What is a Wetland ?
Wetlands are habitats that fall somewhere on the environmental spectrum between land and water. Since wetlands lie at the interface of terrestrial and aquatic habitats, they possess a unique mixture of species, conditions, and interactions. As a result, wetlands are among our planet's most diverse and varied habitats. Wetlands are defined by the soils, hydrology, and species that occur within them. Wetland soils, also known as hydric soils, are shaped by water. These soils are saturated or even submerged all or part of the year. Hydric soils vary depending on the composition of the soil and water in the area and therefore, wetlands vary greatly throughout the world. Wetlands occur in all ecological regions throughout the world except Antarctica. There are wetlands in the Arctic (which include fens, swamps, marshes, and bogs), wetlands along coastlines (such as mangrove forests, coastal swamps, and tidal marshes), and wetlands throughout inland regions (ponds, marshes, swamps, vernal pools, and riparian systems). Wetlands are highly productive communities and provide habitat and food resources for a wide range of species. Wetlands have a high level of nutrients and coupled with the availability of water they provide ideal habitat for fish, amphibians, shellfish, and insects. Additionally, many birds and mammals rely on wetlands for food, water, breeding grounds, and shelter.
Importance of wetlands
Wetlands play an essential part in the regulation of river flow, they filter pollutants and fertilizers, they are spawning zones for some species of fish (pike in particular). They also provide a habitat for plants, insects, batrachians and birds…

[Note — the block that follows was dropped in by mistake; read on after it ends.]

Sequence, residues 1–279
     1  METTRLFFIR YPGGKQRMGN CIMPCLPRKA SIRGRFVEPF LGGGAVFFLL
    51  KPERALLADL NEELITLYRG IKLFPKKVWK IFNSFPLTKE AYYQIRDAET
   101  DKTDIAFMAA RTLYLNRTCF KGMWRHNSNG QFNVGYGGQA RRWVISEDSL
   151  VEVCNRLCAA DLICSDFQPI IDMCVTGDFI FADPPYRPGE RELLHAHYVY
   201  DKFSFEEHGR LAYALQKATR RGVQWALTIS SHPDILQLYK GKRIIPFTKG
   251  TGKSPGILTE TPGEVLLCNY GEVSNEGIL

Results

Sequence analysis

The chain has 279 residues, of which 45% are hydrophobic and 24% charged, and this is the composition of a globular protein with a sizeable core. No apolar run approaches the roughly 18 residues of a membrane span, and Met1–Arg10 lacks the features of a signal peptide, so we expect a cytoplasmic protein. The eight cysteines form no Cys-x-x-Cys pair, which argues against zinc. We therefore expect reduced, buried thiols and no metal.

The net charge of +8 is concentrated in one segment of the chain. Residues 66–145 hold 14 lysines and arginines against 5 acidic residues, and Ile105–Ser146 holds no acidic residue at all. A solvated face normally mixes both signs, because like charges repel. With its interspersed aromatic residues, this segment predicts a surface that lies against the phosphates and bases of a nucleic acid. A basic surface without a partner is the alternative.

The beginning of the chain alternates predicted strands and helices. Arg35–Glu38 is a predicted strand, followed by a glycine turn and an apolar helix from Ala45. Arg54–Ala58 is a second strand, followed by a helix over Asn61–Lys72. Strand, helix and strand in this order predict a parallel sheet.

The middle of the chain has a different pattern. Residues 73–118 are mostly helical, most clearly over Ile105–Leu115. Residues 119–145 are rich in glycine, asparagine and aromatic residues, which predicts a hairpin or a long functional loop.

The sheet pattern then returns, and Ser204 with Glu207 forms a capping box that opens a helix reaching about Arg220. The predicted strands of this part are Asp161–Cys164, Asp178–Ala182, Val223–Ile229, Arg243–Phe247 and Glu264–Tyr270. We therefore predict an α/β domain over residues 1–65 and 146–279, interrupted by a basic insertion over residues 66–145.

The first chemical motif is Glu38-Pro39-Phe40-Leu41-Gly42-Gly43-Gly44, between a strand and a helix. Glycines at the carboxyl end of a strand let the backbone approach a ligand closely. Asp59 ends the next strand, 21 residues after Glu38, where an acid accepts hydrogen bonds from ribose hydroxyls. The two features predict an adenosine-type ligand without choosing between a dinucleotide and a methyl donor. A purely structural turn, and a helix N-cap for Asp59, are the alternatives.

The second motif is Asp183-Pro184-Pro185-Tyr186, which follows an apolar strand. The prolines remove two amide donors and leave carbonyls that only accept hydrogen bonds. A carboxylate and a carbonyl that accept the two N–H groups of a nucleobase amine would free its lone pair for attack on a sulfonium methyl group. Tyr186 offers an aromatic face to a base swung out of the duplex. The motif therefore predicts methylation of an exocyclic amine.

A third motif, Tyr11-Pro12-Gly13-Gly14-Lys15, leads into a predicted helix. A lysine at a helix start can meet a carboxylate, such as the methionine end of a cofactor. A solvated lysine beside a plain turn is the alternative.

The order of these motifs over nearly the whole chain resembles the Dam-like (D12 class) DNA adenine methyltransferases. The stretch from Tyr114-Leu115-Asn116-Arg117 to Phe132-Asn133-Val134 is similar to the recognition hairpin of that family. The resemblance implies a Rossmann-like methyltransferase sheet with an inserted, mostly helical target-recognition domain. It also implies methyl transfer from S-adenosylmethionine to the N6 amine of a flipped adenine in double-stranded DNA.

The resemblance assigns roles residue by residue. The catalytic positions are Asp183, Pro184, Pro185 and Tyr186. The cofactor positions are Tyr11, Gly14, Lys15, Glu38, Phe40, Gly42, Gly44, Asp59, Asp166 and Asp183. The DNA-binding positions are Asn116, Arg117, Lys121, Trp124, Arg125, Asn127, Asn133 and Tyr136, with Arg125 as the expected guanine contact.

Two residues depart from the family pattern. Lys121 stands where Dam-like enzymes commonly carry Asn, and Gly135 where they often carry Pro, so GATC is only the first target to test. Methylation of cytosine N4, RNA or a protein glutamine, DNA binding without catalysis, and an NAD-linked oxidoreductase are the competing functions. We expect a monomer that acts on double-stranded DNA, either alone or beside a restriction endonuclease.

| The present valleys and river beds were formed in the aftermath of the last glacial periods (erosion, deposits of sand and gravel), followed by a return to the present climate (deposits of fine organic or mineral alluvial silt and ongoing erosion). Different types of features can be distinguished : from the river bed carved out of the rock to alluvial valleys formed from a succession of deposits of gravel, fine sand and peat.
| The expanse of groundwater in these deposits when they are well developed can constitute a large reserve which absorbs the variations of water flow. Alluvial deposits act rather like sponges which absorb surplus water before releasing it later. In these alluvial areas part of the water follows the course of the river: this drainage can represent a large volume. This water has been filtered, has a more constant temperature and constitutes a reserve of good quality water.
When the flow of water from the river basin has to cross these alluvial formations before joining rivers significant quantities of nitrates or pesticides contained in the water are eliminated by the action of bacteria trapped in the soil or by the vegetation. These two functions – regulation of flow and retention of diffused pollutants from the river basin –combined with the positive effects on the fauna such as providing a specific habitat for fish (a safe area for spawning for some species and pike in particular spawn in flooded grasslands) and bird life make these areas very important ecological zones.
| In traditional landscapes these wetlands have specific features: wet grasslands, rushes, willows, etc. but in some regions the systematic drainage of this water-logged soil has resulted in the disappearance of these buffer zones. Even worse corn culture which leaves the earth laid bare for long periods, and which needs large quantities of fertilizers and pesticides appears to be disastrous for rivers downstream: sudden rises in water level, low water levels, poor water quality. Sand and gravel extraction in large alluvial valleys has also transformed the landscape. The consequences of these industries are often negative : floodwater no longer spreads out...
Please join StudyMode to read the full document